Reading for Educators
Experts say that U.S. educators are currently experiencing a mental health crisis. With all the stress and challenges teachers are facing, the idea of “practicing self-care” can sometimes feel like an empty platitude.
Self-care won’t fix the deeper-rooted issues in education, but it’s something positive that’s within our control. Actively practicing self-care in a way that feels right to you has many powerful benefits. It improves your physical and mental health, helps you feel more energized, and can ward off burnout.
So, over the next few months, we’re sharing some practical ideas on self-care for educators. This week, our focus is reading as an act of self-care!
We recently sent out an e-mail asking our readers (teachers) to name an act of self-care they had done for themselves in the past week. Of the 273 replies, 30 mentioned reading. In this post, we’ll explain why reading belongs in your self-care toolbox, along with tips and suggestions for making reading a part of your routine.
Why Reading = Self-Care
You may not think of reading as an act of self-care, but it’s a great way to relax, get whisked away to another world, and tap into your imagination.
Studies show that reading can actually lessen symptoms of depression. It provides a sense of relief and escape from real-world worries and problems.
Similarly, research shows reading can improve your sleep schedule by helping you relax and unwind in preparation for a good night’s rest. We all know the value of feeling rested in the morning. But did you know sleep also enhances your physical and mental health, mood, and productivity?
So, cuddling up with a good book is a calming way to kick back after a long day at school. When you’re absorbed in a book you enjoy, the stress and difficulties of daily life drift to the back of your mind. Reading is a fun escape that can sharpen your mind, lift your mood, improve sleep, and even combat symptoms of depression.
Ideas for Reading as an Act of Self-Care
When you read for self-care, it’s helpful to read a book that isn’t heavy or academic. Choose books that have nothing to do with work or professional development.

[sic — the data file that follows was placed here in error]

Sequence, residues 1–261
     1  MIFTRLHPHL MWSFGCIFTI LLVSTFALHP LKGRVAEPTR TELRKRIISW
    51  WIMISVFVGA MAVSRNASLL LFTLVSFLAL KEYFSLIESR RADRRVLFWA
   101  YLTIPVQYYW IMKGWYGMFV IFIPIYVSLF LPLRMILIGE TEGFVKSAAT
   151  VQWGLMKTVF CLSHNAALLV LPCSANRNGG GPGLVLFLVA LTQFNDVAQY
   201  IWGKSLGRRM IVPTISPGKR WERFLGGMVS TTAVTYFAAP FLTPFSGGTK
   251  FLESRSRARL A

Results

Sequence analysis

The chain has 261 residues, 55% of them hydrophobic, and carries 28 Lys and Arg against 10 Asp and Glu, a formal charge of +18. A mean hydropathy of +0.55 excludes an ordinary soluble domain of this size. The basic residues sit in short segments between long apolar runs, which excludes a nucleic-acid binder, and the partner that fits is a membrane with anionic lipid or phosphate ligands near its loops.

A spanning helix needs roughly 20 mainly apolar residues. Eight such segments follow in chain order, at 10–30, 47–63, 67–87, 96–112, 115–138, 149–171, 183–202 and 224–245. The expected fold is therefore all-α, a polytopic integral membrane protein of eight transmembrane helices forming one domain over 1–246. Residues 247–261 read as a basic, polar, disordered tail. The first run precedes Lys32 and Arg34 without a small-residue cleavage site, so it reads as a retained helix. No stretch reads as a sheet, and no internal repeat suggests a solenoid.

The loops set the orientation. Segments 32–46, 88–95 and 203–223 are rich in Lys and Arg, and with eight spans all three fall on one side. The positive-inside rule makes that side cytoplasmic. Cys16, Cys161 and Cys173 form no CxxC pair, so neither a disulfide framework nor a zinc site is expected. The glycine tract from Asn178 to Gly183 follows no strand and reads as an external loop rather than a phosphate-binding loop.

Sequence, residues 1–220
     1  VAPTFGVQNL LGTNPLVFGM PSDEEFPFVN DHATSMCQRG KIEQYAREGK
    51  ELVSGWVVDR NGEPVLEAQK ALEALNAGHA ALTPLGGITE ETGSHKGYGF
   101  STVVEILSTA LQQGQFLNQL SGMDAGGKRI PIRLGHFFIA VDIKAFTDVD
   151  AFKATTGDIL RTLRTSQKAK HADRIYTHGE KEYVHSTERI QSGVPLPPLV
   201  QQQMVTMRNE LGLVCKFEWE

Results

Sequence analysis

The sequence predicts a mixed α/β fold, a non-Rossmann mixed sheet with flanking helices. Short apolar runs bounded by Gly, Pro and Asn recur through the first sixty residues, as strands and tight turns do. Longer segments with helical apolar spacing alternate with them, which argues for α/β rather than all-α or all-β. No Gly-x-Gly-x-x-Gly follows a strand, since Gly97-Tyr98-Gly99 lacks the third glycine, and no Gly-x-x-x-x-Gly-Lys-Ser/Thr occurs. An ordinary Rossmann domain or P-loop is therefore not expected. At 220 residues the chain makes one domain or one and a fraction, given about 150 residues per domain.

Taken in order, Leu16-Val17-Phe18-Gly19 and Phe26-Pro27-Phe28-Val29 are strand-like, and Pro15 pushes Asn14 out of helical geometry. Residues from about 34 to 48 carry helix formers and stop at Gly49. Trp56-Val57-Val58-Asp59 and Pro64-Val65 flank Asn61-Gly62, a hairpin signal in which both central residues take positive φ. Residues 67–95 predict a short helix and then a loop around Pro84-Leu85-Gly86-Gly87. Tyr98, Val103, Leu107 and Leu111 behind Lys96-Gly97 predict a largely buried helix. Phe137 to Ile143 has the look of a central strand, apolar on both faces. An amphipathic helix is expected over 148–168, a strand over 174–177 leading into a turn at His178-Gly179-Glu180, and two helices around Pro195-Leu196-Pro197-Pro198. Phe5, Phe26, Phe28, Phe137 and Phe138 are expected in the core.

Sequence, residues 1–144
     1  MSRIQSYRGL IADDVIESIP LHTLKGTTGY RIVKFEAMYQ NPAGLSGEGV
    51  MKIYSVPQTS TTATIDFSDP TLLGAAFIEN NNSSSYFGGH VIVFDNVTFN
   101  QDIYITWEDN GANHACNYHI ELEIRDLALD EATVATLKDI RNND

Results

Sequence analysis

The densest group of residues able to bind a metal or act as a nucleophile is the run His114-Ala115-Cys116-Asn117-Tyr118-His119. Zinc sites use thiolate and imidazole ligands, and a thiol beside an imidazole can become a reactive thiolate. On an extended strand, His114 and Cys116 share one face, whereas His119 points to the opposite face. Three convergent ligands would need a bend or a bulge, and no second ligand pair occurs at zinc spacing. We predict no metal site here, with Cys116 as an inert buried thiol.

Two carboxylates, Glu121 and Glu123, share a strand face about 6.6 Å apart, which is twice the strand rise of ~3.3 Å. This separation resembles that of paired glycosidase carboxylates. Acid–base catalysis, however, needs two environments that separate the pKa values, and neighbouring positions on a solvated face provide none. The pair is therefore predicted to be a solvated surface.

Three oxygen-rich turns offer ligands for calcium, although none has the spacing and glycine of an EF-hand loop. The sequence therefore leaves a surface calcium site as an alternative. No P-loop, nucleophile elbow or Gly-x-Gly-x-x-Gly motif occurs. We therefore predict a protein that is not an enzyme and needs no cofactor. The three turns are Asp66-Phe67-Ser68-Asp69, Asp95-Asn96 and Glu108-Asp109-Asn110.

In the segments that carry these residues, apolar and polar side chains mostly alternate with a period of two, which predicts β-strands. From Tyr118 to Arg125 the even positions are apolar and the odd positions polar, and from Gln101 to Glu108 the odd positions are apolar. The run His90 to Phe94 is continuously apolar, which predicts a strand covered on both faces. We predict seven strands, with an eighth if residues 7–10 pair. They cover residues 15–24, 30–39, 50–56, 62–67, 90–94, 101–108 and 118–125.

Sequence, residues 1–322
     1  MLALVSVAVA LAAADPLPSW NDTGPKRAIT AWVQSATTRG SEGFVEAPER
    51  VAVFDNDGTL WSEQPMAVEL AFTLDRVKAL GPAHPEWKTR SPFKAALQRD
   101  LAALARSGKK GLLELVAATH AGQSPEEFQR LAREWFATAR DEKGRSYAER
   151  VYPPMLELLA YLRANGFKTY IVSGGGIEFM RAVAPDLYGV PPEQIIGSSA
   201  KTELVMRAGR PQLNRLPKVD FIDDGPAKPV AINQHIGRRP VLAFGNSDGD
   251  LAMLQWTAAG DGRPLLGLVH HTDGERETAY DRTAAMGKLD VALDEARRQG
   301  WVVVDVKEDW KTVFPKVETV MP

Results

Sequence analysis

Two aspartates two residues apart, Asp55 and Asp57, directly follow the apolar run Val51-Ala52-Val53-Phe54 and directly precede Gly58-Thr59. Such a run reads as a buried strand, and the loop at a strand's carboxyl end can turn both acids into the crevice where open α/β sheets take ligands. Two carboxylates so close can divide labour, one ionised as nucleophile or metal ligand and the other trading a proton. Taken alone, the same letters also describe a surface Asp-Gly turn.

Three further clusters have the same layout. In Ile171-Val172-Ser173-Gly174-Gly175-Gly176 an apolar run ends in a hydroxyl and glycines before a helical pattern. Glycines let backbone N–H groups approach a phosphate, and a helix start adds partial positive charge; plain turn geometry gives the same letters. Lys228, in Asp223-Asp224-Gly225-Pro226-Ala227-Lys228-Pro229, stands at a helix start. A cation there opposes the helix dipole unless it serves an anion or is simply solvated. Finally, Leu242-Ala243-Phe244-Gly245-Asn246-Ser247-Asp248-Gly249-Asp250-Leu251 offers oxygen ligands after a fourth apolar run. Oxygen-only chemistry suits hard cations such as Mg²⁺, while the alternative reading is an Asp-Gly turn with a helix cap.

You can enhance reading as an act of self-care with cozy seating, warm blankets, scented candles, or a peaceful location.
For some more inspiration, let’s look to our readers!
Tips from Our Readers
In our email survey, we asked teachers to name an act of self-care they had done in the past week. Here are some of the responses related to reading as an act of self-care:
- “My self-care has been to take time to read a book just for myself. Taking time to read before rushing to do anything else that “must” be done has been relaxing for me!” -Diane D.
- “I went out to the back porch (hid from my family) and read a book. :)” -Jessica H.
- “I took my coffee outside on an unusually cool morning & read for almost an hour. It’s been too hot & humid before, but Monday was gorgeous!” -Linda N.
- “This is the first year I have taken time just to lay in bed (instead of getting up and doing things) and read fictional stories that have nothing to do for school. I love reading but normally read novels for school. I’ve been enjoying books just for me.” -Sandy Z.
- “I allowed myself an hour and a half to sit on a rocker on the front porch and read. It was awesome!” -Lori J.
- “I laid in the hammock and read a book! And not one for school, it was one for pleasure. “-Eva G.
- “I have made time to read ‘fun books,’ and I even treated myself to Kindle Unlimited for two months instead of worrying about library late fees.” -Theresa S.
- “I stayed in bed a little longer this morning so I could read two more chapters of my favorite book genre – a cozy mystery.” -Denise B.
If you haven’t found a favorite genre yet, look into book forums on sites like Reddit or Goodreads. If you list a few books you’ve enjoyed in the past on Goodreads, you’ll receive recommendations for similar books you may like.
Some authors I’ve enjoyed recently are Janelle Brown, Jennifer Egan, Matt Haig, Tana French, Emily St. John Mandel, Caroline Leavitt, and Liane Moriarty.
Whatever book you decide to read, try to find a comfy location, a favorite snack or drink, and a place you can relax on your own. Add a nice touch like candles, a robe, or a fuzzy blanket, and enjoy giving yourself reading as an act of self-care.
Promoting Reading for Students
Our students are stressed too, and that adds stress to our classrooms and lives. You can encourage your students to also enjoy the self-care benefits of reading by:
- Being a good role model of how reading is an act of self-care for you.
- Emphasize that reading can be fun. Suggest books that match the interests and passions of your students, so they can find interesting stories they enjoy.
- If possible, provide a comfortable and enjoyable reading corner for the kids in your classroom. Colorful posters, beanbag chairs, or a shelf of exciting books can go a long way.
- Give students the opportunity to use their imagination and write and/or illustrate stories of their own.
Final Thoughts: Reading as an Act of Self-Care
Reading is imaginative, relaxing, peaceful, and fun. Making time for yourself to get absorbed with a story, setting, and characters you love benefits both you and the students you work with every week.
Your job is incredibly important and challenging, and the entire community benefits when you’re at your best.
Reading as an act of self-care is an excellent way to make time for you, and you deserve it!